Boots Made in Spain Frustration

For a number of years, most of us in the “boot world” have been aware of the made-in-Spain Sendra Boots, which have been attractive to those of us on the other side of the Atlantic. Finding those boots in the USA became easier when some stores here offered Sendra boots and served as a U.S. distributor.

Recently, I posted a rave review of Ranch Road Boots that are made in Spain. These boots are…

… well-made and are made with U.S. lasts rather than narrower Euro lasts. They fit fine, and I think that the owner of Ranch Road Boots — Sarah Ford — was on to something regarding the use of U.S. lasts for the boots that she has made in Spain.

It was the lasts that were used to make Sendra boots that made me crazy. The boots looked terrific, but they fit poorly. They were tight everywhere — feet and legs. No manner of stretching would help.

When I was in Chicago a few years back, I went to Alcalas (a local store that carries Sendra boots). I tried on a pair two sizes larger than what I regularly wear, but those boots also were tight on my feet. I did not buy them.

I eventually sold the three pair of Sendra boots I once owned. I just cannot wear them.

A few months ago, I became aware of a new-to-me brand of boots by Embossy Boots and inquired about ordering a pair.

At the time of my inquiry, the upcharge for custom sizing as well as shipping to the U.S. made the boots cost double of their equivalent brothers, the U.S.-made Chippewa 71418 “High Shines.” I was still willing to consider them, but when the purchase process became too difficult due to European internet security, I quit trying.

Recently, though, Embossy Boots offered free shipping to the U.S. So I tried ordering a pair again. I really like how those boots look, as well as know that boots made in Spain are really good. I managed to deal with the hassle of “verified by Visa” by making not one, but three telephone calls to my bank to authorize the charge. That process was a pain in the ass!

After following up with Embossy Boots via email (and they admitted that they were not aware of my order), the sales manager (Daniel) of Embossy Boots began to double-check sizing of their boots with me via email.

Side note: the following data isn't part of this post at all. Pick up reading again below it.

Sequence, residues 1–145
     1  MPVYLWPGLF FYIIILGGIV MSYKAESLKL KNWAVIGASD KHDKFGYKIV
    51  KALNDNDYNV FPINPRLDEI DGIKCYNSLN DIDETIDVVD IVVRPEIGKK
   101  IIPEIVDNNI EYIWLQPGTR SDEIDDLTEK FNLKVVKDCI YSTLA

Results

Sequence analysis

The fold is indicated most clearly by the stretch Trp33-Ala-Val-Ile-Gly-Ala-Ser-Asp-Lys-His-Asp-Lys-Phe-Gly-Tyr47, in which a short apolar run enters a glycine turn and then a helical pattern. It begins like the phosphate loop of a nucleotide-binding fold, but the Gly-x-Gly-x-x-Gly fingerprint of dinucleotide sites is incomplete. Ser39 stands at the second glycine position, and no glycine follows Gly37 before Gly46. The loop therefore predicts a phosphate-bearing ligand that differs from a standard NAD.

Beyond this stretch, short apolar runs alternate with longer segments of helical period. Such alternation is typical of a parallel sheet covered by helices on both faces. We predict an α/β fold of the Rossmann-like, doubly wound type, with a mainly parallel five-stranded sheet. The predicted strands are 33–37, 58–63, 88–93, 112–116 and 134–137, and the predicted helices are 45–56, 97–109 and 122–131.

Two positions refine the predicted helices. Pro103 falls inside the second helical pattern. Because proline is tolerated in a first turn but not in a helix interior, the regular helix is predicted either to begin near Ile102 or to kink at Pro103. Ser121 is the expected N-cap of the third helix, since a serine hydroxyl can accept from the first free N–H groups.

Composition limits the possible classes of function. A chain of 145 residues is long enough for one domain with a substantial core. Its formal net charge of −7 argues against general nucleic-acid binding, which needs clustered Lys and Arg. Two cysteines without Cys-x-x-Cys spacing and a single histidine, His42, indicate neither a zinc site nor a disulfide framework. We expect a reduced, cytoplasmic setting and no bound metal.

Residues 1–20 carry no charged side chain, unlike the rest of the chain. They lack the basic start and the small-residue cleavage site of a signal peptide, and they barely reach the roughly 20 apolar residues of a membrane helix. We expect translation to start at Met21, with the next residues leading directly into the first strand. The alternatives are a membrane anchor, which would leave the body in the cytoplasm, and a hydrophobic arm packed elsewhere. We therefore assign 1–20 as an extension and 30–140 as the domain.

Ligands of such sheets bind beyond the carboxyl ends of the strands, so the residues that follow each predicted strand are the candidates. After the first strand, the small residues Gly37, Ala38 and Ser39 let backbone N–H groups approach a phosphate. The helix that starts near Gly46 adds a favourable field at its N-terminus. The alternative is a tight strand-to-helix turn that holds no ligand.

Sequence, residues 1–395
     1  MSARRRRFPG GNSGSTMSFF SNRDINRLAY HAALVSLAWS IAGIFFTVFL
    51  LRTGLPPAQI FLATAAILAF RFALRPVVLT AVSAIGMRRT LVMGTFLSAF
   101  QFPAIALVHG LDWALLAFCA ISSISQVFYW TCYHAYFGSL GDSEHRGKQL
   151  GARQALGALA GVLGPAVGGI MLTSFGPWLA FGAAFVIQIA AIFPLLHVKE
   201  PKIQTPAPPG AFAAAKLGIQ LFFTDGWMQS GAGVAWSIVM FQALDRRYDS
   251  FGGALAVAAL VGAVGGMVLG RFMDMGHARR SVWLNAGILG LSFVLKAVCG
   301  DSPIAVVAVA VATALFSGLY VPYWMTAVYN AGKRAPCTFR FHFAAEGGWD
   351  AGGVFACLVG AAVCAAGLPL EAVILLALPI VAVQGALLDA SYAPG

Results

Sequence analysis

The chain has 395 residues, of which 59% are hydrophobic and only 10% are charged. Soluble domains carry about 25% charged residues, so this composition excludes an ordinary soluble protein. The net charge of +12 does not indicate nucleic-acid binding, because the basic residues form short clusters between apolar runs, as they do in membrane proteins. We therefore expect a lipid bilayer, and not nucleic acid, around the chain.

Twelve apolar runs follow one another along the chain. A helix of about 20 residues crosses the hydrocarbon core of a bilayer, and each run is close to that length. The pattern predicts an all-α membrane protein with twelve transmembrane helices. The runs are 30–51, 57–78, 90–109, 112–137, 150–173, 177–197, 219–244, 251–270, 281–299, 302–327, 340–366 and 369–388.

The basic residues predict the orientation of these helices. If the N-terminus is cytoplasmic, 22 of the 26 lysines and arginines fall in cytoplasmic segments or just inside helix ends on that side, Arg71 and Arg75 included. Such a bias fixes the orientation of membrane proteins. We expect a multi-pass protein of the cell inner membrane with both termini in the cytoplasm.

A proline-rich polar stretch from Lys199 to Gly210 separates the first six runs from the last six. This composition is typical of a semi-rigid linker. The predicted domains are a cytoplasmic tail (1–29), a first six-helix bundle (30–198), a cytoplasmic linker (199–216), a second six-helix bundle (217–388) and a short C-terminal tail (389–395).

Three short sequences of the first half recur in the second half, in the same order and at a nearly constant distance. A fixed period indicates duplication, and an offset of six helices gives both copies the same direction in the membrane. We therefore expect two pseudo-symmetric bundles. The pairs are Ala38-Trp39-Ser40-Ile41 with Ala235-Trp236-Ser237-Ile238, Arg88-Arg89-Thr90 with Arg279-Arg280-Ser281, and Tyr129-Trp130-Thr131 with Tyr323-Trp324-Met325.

I am glad he did. The calf circumference shown on their website is a rough estimate around the outside of their boots, rather than how other boot manufacturers indicate calf circumference with inside measurements.

I had already sent funds for a pair of stock size boots with the calf circumference that appeared to fit me. However, thanks to Daniel’s checking with me, as well as stating that their calf circumference was for the outside of the boot rather than the inside, I decided to cancel my order. I knew the European standard sizing of narrow-foot and narrow-calf boots would not fit me. (American sizing is more generous.)

I tried negotiating with him for marketing value of a review on this blog, but he offered me an “either/or” — either free shipping or free custom sizing, but not both.

The cost would become as high as it was the first time I inquired, so I asked for a refund.

Boots made in Spain are indeed made quite well… but not for those of us who are older and have calves whose muscle tone has relaxed with age. Those boots are made for spindly-legged guys, not for me.

I am not providing a review of Embossy Boots because I do not, and will not, own a pair. I imagine the boots are good, but I don’t know. The sizing is the issue. If you have small feet and narrow legs, the boots may fit you. It probably would be better to wait to visit Spain and buy them over there rather than deal with the expensive cost of shipping, duty, and taxes, especially if the boots do not fit and you have to return them.

Life is short: be happy with the boots you have.